Mr R EDWARDS (OXLEY, QUEENSLAND) - When a shipload of recruits arrived in Queensland, planters requiring " boys " engaged them for a period of three years, paying them at rates of wages provided for under an Act of Parliament, and, at the end of the period, were responsible for the cost of their return passages to the islands! whence they came, amounting to about £5 each. The kanakas, however, could be re-engaged with either their first employer or another, in which case the passage money had to be lodged with the Polynesian Inspector, to be used when the "boys" were inclined to go back. Since the stoppage of . recruiting, however, the cost of return passages has increased by nearly 50 per cent., being now, I am told, £7 ; and it is only reasonable that the Commonwealth should be responsible for the difference between the £5 and £7.


Mr Carpenter - Why ? What has caused the passage rate to go up?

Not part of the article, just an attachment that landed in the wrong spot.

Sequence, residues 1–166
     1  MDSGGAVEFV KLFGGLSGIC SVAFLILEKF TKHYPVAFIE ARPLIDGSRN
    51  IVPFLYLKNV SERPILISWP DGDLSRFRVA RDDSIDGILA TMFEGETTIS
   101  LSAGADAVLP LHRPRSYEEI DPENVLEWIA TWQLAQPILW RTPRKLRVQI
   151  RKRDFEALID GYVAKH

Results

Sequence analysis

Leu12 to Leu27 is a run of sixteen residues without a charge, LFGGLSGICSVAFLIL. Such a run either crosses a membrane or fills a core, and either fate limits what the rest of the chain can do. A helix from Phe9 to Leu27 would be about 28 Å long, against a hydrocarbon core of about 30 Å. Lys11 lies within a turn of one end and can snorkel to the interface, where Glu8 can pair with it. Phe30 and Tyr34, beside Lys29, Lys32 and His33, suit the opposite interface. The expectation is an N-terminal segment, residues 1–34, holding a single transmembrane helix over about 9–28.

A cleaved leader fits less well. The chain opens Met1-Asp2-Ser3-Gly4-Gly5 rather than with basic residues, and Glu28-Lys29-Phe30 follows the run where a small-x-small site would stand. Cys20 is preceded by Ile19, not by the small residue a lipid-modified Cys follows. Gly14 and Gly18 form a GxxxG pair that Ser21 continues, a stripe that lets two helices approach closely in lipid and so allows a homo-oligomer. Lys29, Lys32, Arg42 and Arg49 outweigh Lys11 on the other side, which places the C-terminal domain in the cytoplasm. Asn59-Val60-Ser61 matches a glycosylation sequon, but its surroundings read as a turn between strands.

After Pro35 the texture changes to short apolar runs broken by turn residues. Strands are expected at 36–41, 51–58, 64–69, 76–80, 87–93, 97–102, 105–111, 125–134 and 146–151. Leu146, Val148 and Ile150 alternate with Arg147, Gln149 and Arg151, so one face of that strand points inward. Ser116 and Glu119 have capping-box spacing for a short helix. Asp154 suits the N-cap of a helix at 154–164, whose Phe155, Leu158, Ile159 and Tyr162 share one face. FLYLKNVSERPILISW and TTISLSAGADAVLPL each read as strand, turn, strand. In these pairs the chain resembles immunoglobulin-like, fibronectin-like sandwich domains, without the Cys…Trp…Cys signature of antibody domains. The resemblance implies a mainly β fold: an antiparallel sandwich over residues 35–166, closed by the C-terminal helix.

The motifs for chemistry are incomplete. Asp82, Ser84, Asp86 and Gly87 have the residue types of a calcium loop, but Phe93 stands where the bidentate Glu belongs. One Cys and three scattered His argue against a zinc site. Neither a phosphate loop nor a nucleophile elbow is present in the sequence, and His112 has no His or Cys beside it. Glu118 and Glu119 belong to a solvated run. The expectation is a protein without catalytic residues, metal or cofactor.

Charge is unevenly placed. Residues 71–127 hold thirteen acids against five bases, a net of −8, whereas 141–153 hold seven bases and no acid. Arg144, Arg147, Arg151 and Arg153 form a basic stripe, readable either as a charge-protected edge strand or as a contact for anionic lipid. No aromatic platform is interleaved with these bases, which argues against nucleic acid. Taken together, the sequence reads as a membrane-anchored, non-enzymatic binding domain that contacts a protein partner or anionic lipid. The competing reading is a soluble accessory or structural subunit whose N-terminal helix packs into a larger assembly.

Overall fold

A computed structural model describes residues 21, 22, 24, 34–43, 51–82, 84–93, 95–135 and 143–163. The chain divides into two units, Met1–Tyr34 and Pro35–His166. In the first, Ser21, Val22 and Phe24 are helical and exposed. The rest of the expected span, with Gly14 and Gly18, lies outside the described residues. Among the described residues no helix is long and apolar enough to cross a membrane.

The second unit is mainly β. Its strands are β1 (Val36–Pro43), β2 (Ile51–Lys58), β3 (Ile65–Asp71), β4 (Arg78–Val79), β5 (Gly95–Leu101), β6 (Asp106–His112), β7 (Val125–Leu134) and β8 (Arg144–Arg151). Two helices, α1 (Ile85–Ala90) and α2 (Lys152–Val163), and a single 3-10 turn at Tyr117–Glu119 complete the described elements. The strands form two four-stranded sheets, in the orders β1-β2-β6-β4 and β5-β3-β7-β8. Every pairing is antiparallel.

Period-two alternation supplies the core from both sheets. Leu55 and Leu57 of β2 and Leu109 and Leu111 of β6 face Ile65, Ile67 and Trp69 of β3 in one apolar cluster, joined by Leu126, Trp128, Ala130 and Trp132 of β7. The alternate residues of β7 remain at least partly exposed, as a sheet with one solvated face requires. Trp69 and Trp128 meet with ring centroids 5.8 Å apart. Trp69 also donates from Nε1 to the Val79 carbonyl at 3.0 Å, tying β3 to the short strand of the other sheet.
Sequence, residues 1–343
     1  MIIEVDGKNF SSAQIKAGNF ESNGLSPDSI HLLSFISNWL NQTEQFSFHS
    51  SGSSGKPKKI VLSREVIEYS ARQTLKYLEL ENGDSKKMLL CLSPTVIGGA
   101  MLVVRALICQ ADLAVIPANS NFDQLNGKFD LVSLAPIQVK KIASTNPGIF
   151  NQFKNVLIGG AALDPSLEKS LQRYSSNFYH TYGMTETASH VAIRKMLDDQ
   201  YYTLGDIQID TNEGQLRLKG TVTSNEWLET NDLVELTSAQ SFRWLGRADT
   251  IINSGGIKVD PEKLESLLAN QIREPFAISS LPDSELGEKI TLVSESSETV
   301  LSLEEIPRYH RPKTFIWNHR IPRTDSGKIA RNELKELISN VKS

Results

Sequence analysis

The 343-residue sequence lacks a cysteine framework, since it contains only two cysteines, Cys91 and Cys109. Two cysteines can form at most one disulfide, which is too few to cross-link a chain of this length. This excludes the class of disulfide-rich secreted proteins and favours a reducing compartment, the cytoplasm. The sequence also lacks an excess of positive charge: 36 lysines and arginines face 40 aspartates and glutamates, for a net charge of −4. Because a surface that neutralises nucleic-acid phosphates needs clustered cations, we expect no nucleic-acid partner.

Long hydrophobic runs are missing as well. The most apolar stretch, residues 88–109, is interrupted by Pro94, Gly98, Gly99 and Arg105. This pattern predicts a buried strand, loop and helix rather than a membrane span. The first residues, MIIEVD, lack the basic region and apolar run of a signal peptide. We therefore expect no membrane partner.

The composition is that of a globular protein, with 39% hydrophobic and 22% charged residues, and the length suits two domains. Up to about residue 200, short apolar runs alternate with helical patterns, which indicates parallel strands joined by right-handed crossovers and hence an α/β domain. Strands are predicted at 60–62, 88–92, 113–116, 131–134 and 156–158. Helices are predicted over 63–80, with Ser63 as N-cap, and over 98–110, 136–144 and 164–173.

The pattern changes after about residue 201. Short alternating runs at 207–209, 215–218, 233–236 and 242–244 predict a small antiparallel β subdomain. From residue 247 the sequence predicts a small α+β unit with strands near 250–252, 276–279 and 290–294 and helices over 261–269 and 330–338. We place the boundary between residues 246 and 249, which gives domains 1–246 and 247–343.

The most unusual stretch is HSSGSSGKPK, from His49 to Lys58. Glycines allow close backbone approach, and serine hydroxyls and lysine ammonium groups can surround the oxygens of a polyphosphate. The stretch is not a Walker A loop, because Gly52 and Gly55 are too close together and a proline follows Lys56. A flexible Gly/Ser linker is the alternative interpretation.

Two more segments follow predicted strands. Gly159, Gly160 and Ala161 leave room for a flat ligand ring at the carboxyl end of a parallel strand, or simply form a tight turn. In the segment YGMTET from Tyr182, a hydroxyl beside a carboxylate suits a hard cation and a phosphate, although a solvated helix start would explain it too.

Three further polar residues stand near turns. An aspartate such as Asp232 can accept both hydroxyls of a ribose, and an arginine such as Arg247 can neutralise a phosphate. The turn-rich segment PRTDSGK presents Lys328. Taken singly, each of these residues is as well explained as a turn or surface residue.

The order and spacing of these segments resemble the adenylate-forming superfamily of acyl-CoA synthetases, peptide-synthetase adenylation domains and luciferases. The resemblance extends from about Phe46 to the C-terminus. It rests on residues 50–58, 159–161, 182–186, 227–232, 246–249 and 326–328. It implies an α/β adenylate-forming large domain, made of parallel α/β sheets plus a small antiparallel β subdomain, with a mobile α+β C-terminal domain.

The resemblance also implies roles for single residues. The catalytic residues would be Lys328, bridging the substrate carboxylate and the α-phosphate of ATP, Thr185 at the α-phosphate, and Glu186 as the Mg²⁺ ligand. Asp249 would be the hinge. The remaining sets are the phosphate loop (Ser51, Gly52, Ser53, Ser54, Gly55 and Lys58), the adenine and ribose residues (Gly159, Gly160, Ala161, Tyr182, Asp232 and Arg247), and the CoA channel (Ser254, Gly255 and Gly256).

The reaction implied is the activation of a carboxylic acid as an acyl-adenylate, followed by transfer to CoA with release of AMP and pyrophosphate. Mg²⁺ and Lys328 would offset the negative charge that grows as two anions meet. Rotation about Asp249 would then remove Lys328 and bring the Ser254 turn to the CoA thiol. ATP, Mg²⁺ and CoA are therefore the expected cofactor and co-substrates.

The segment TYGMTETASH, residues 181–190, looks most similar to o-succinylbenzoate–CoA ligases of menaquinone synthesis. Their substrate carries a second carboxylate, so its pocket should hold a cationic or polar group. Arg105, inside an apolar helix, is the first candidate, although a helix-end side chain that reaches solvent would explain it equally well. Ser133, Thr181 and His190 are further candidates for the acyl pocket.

Mr R EDWARDS (OXLEY, QUEENSLAND) - The fact that the vessels engaged in the trade cannot get return cargo, and are not permitted to bring back recruits. Queensland has good cause for complaint whenever it is suggested that she is not prepared to undertake her full responsibility in this matter ; but it must be remembered that between 5,000 and 6,000 kanakas will have .completed their engagements on the 31st December next, and will have to be sent back to their islands as soon afterwards as that can be done. It will 'be impossible to send them all back within a month, or withi.ni six months, and possibly even within a year, and how are they to be maintained during that time, for many of them will be without means? I think that the Commonwealth should be responsible for their maintenance, and for the increase in the cost of the passages, charging the expenditure to all the States on a population basis. Queensland, however, has no intention of repudiating any of her just responsibilities.